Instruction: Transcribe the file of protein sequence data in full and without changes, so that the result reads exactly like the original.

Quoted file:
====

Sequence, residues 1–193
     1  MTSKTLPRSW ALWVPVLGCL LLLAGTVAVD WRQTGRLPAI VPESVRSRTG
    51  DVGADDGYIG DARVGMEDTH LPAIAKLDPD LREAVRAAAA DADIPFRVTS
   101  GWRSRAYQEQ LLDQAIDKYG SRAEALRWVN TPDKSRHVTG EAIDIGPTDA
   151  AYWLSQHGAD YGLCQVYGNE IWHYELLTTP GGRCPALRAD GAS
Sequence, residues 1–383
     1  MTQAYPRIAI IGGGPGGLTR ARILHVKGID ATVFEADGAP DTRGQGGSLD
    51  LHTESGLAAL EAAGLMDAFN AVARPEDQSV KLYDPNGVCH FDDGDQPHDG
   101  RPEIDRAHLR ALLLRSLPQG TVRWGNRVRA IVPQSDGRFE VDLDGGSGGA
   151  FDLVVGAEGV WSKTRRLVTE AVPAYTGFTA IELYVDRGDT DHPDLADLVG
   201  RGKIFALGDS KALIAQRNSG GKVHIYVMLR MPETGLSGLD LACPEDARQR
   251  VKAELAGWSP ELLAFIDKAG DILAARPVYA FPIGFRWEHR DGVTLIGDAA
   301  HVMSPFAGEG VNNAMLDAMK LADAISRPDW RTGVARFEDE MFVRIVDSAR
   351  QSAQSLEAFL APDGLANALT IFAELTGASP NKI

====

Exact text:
Sequence, residues 1–193
     1  MTSKTLPRSW ALWVPVLGCL LLLAGTVAVD WRQTGRLPAI VPESVRSRTG
    51  DVGADDGYIG DARVGMEDTH LPAIAKLDPD LREAVRAAAA DADIPFRVTS
   101  GWRSRAYQEQ LLDQAIDKYG SRAEALRWVN TPDKSRHVTG EAIDIGPTDA
   151  AYWLSQHGAD YGLCQVYGNE IWHYELLTTP GGRCPALRAD GAS
Sequence, residues 1–383
     1  MTQAYPRIAI IGGGPGGLTR ARILHVKGID ATVFEADGAP DTRGQGGSLD
    51  LHTESGLAAL EAAGLMDAFN AVARPEDQSV KLYDPNGVCH FDDGDQPHDG
   101  RPEIDRAHLR ALLLRSLPQG TVRWGNRVRA IVPQSDGRFE VDLDGGSGGA
   151  FDLVVGAEGV WSKTRRLVTE AVPAYTGFTA IELYVDRGDT DHPDLADLVG
   201  RGKIFALGDS KALIAQRNSG GKVHIYVMLR MPETGLSGLD LACPEDARQR
   251  VKAELAGWSP ELLAFIDKAG DILAARPVYA FPIGFRWEHR DGVTLIGDAA
   301  HVMSPFAGEG VNNAMLDAMK LADAISRPDW RTGVARFEDE MFVRIVDSAR
   351  QSAQSLEAFL APDGLANALT IFAELTGASP NKI